Round 1, Judges' Choice:

Archuleta came out swinging (or, perhaps more accurately, bashfully swiping) and delivered the best performance of the night by a mile. Lil' D's version of "And So It Goes" was achingly beautiful, and surprisingly free of the overdone runs that have hurt his performances in the past. The relief of having Evil Stage Dad off his back for a few minutes clearly showed. Dude should stay away more often. David, can you spell "e-m-a-n-c-i-p-a-t-i-o-n?"

But Elmo wasn't the only one bringing the heat early on. Syesha also came through with her strongest vocal of the evening here. Although I was apprehensive about her ability to handle an Alicia Keys song, Syesha's version of "If I Ain't Got You" was surprisingly solid and rather well done.

Speaking of apprehension, that's the exact word that came to mind (along with "shock" and "horror") when I heard that Simon was making David Cook sing "First Time Ever I Saw Your Face," aka The. Biggest. Chick. Song. Ever. I mean, how can you rock out on a song that includes the phrase "ever I saw?" But Cookie worked it, and although I wasn't loving the falsetto, the power note at the end brought it home nicely. Maybe next week, they'll make him do "Tonight, I Celebrate My Love." Hmm. Possible duet for the double Davids? Could be a tender moment…

Round 2, Contestants' Choice:

Elmo did a bad, bad thing. Because adorable, soft, fuzzy creatures should never sing anything that includes the lyrics "my boo" and "hey little mama." The sight of the little guy awkwardly making his way through "With You" was more disturbing than the sight of the gel-covered ridge that's inexplicably formed in the middle of Seacrest's head. Let's never speak of it again.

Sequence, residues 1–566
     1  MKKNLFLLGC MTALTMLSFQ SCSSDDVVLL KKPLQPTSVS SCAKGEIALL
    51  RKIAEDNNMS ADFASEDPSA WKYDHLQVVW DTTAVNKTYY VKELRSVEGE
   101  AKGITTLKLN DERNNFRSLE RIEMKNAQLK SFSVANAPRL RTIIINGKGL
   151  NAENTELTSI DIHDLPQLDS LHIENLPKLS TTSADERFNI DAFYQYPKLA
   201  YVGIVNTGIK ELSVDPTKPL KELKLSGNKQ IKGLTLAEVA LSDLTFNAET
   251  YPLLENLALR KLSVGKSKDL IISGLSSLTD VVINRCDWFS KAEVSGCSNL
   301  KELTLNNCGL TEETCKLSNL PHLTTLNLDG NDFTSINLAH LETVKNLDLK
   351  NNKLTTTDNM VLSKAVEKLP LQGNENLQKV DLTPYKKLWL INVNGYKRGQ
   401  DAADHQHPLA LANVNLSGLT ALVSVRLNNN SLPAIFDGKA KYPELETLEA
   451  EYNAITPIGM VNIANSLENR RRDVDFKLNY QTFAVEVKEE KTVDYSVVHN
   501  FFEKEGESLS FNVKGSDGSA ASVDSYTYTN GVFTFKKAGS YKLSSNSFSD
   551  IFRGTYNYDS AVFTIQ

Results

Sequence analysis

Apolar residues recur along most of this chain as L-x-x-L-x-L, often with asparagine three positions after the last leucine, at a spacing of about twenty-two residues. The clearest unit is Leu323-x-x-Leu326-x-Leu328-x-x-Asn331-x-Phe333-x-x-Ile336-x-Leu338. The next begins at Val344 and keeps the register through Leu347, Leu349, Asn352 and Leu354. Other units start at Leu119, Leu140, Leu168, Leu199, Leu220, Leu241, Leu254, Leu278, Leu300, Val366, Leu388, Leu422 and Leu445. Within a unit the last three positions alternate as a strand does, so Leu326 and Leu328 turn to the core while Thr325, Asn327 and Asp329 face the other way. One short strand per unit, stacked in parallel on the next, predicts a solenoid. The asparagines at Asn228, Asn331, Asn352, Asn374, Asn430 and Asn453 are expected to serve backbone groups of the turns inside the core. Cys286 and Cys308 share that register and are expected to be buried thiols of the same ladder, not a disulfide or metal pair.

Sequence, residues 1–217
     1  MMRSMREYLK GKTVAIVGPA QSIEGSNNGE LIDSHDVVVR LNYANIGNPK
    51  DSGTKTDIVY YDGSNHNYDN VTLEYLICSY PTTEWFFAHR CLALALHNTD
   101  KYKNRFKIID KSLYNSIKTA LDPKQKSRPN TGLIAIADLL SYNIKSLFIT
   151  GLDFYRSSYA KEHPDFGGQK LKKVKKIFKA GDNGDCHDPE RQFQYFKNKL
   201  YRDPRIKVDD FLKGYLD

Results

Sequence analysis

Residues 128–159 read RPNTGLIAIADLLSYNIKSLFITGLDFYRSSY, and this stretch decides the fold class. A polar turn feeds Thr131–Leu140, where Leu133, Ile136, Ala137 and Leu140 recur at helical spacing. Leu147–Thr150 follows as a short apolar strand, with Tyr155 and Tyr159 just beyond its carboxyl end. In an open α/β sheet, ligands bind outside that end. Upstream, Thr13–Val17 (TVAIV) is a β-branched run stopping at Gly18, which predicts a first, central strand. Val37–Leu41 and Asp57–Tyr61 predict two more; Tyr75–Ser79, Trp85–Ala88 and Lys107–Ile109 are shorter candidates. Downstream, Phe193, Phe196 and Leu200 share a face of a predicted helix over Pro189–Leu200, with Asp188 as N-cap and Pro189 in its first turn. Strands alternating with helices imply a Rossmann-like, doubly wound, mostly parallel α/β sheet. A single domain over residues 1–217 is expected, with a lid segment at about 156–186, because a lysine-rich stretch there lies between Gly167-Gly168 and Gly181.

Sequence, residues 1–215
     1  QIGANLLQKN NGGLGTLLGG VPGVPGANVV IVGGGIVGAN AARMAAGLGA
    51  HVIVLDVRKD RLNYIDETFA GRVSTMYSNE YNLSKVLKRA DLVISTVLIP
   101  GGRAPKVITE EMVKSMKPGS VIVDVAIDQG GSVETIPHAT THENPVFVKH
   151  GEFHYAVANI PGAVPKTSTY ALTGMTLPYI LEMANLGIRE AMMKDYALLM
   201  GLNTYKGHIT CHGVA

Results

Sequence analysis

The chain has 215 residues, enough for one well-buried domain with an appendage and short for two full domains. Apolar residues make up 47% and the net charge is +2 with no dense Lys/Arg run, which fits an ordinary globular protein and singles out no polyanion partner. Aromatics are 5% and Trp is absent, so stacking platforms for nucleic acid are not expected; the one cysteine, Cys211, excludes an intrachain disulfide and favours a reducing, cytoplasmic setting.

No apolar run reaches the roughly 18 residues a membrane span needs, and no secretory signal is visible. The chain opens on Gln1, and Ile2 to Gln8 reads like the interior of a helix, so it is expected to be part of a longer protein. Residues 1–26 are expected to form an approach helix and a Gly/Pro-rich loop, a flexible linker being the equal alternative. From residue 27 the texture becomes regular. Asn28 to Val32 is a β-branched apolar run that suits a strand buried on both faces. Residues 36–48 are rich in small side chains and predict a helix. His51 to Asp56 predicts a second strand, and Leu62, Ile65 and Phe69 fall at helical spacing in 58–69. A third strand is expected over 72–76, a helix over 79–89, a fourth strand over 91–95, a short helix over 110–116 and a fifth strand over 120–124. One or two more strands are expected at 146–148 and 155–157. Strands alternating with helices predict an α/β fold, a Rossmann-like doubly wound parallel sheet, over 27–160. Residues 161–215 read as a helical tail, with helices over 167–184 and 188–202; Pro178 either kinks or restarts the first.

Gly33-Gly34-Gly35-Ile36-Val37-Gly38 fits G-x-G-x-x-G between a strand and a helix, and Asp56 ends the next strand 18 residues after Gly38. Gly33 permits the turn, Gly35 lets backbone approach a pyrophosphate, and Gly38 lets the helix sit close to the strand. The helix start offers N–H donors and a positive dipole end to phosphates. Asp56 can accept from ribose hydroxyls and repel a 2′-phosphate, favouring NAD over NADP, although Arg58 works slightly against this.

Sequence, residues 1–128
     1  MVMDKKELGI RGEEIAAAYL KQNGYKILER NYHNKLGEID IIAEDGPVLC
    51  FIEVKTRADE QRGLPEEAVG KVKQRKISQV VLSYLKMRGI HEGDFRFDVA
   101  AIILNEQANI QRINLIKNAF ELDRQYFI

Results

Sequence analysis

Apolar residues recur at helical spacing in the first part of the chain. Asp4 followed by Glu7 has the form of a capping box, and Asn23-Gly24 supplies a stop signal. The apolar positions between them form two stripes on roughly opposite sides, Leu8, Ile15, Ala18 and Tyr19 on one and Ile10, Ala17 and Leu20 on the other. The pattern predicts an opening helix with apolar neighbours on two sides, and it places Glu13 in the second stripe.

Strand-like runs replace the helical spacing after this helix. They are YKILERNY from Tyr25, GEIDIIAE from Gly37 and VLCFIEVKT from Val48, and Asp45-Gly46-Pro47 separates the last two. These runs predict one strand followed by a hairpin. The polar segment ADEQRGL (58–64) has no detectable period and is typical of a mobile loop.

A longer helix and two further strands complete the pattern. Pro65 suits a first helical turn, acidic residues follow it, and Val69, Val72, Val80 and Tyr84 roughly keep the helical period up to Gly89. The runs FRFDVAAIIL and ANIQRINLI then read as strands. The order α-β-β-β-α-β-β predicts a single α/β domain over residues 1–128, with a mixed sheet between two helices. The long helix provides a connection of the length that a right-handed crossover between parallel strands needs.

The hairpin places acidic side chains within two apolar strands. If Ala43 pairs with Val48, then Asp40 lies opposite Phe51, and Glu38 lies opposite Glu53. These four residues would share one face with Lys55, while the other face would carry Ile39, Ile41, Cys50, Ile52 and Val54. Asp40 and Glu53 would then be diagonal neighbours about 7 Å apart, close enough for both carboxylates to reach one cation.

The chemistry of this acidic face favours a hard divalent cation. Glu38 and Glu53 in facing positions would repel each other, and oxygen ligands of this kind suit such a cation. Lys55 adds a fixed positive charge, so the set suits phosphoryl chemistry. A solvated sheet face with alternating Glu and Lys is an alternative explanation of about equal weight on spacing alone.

Thankfully, Syesha helped erase the memory with a charismatic take on "Fever," which, despite being a little shrieky in places, was for the most part quite good. However, I could have done without her use of the chair — props in general are hella lame. Although a snake would have been pretty cool.

Speaking of coolness, I have to give a shout out to the woman holding the "Cougars 4 Cook" sign in the audience tonight — right on, sister! Although I am far, FAR, too young to be considered a cougar, I wholeheartedly support the cause. And Cookie showed the ladies what they're fighting for with a totally rockin' performance of "Dare You To Move," pasty guns on full display. David the Elder earned a Round 2 victory on the strength of his vocals here, but he deserved it on the merits of his sleeve length alone.

Round 3, Producers' Choice:

For his final performance of the evening, Lil' D banished all those dirty, nasty words from his head, safely buttoned his baby blue shirt up to his chin, and delivered a lovely version of "Longer." Syesha followed, looking gorgeous, but sounding pitchy on "Hit Me Up." And Cookie closed the show, enjoying the benefit of rawk star lighting while overcoming a mess of an arrangement on "I Don't Wanna Miss A Thing." Despite the unpleasant cacophony of violins and guitars, David sold it well enough to take Round 3. Although I must say, after the performance, my faith in humanity and Simon Cowell was shaken when he described the sappy tune as "one of the great songs of all time." Huh? Simon, let me guess — "Do I Make You Proud" is positively Dylan-esque, yes?

Let's hope that the Davids get some better material to work with next week when the new "Idol" coronation song is revealed. Okay, that's highly unlikely. Short of that, let's at least hope that Archuleta learned his lesson tonight and isn't going to spring "Gold Digger" on us as a special finale surprise.

Tuesday, May 6, 2008

American Idol Top 4 Recap - The Hottie vs. The Tottie

Tonight's "American Idol" was all about the sexy and the sweetie — and, oh yeah, those other two people who are still here.